Katapayadi Sankhya   An ancient Indian system of mnemonics that is used to correlate numbers with words. numbers of words. This was widely used in astrology, musicology, and several other arts and sciences in India. Each letter of the Sanskrit alphabet is associated with a number, as summed up in four key phrases. Kadi Nava – the nine letters, Ka, Kha, Ga, Gha, N(g)a, Cha, Chha, Ja and Jha, are given values from 1 through 9. Similarly, Tadi Nava – the letters beginning with ‘Ta’ and ending in ‘Dha’ are again given values 1 through 9. Padi Panca – the five letters from ‘Pa’ to ‘Ma’ are given values from 1 to 5. Yadi Ashta – the series of eight letters, Ya, Ra, La, Va, Sha, Shha, Sa and Ha have values from 1 through 8. The letters N(j)a and Na represent zero. The names of the 72 Melas are based on this scheme, such that the first two syllables of the name correspond to the Mela number in a reverse fashion. This can be illustrated with an example. Take the Mela Ramapriya. Ra and Ma are the first two syllables. The serial number of ‘Ra’ is two and that of ‘Ma’ is five, so that ra-ma encodes the number 25. The digits in this number are to be reversed, to give the number 52. This is the Melakarta number of Ramapriya.  
Kathakalakshepam   A combined word, formed from Katha (story), Kala (time) and Kshepa (spending). It is the art form of passing leisure time through musicalized story-telling. Legends from the Puranas are narrated through songs rendered in a dramatic fashion. The Ramayana, the Mahabharata, and Bhagavatam form the basis of the stories and anecdotes that are sung and recited by performers. Tanjavur Krishna Bhagavatar is described as the father of this art-form, which requires its practitioners to be scholars, musicians and dramatists simultaneously.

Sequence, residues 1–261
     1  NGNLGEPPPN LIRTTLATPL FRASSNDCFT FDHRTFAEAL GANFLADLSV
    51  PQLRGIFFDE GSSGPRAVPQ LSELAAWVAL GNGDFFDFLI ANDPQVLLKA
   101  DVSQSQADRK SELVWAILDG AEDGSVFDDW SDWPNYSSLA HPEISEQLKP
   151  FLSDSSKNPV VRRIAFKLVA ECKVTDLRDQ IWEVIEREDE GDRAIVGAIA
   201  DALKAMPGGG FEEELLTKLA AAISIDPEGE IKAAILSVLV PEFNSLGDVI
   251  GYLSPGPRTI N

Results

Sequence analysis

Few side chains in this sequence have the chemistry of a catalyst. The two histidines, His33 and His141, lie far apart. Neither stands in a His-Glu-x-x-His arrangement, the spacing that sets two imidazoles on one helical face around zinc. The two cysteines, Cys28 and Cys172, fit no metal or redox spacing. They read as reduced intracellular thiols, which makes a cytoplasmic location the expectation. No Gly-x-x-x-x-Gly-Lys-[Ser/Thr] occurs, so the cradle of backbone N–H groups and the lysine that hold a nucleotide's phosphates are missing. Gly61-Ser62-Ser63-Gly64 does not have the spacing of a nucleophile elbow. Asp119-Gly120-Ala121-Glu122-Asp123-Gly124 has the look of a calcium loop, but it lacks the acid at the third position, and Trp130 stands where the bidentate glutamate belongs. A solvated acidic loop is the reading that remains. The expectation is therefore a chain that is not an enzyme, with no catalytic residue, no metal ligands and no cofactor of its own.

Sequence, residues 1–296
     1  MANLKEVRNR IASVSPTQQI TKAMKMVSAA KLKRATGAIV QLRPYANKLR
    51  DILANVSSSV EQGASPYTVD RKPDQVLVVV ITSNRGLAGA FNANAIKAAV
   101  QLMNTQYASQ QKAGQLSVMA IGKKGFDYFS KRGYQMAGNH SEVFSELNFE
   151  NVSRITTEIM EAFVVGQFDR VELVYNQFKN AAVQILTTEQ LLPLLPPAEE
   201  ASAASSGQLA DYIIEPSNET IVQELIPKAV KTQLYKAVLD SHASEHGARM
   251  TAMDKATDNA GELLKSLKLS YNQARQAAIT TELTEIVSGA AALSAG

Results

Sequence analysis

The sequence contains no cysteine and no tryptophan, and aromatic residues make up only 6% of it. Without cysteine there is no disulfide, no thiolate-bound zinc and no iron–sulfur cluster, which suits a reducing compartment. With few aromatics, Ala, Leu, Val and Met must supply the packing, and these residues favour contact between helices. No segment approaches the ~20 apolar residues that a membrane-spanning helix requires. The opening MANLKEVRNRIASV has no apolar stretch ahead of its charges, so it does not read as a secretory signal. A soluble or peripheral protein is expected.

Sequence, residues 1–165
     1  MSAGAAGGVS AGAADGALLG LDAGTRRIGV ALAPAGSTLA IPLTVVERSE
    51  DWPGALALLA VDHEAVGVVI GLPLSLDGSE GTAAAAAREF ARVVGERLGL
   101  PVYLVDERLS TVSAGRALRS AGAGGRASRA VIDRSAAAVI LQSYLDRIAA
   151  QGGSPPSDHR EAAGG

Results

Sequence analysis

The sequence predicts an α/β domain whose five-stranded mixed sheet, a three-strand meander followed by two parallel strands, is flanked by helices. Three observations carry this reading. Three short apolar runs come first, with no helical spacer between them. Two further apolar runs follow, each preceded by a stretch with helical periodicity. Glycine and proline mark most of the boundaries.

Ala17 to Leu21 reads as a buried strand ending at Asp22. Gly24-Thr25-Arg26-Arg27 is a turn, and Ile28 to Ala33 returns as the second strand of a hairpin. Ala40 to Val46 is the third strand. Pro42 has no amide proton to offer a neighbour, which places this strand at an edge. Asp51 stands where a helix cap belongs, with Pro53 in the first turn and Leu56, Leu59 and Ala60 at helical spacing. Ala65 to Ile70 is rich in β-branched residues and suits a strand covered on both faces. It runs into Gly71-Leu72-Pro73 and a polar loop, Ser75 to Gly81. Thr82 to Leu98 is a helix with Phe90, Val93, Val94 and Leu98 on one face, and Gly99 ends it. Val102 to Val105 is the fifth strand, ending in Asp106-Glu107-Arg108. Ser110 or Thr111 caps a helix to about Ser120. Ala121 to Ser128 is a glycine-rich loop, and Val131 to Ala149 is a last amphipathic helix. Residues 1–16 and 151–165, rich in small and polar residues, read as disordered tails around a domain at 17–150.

Khayal   A word of Persian origin, meaning ‘imagination’. It is believed to have developed out of the Qawwal style of singing and through the period of Amir Khusro became an important part of the Hindustani music tradition. The arrival of the khayal slowly displaced the old Dhrupad style of singing and effected a revolutionary change in the Hindustani music tradition. The structure of the Khayal requires a high order of improvisational skill in the musician at several levels and layers of the Raga. The range and scope of improvisation also covers the whole range of human experience, from the poetic and mystic to the frontiers of quick arithmetic calculation and intellectual exploration.  
Koot-taan   A complicated and extensive set of notes in complex figures in a Taan.  
Kovur Pancharatna   A set of five Kritis, composed by thy great composer Tyagaraja, in praise of the deity, Sundareswara, in the shrine at Kovur near Madras. These are ‘Sambho Mahadeva’ in raga Pantuvarali, ‘Ee vasudha nivanti’ in Sahana raga, ‘Kori Sevimparare ‘in Karaharapriya, ‘Nammi Vacchina’ in Kalyani and ‘Sundira Varuni’ in Shankarabharanam.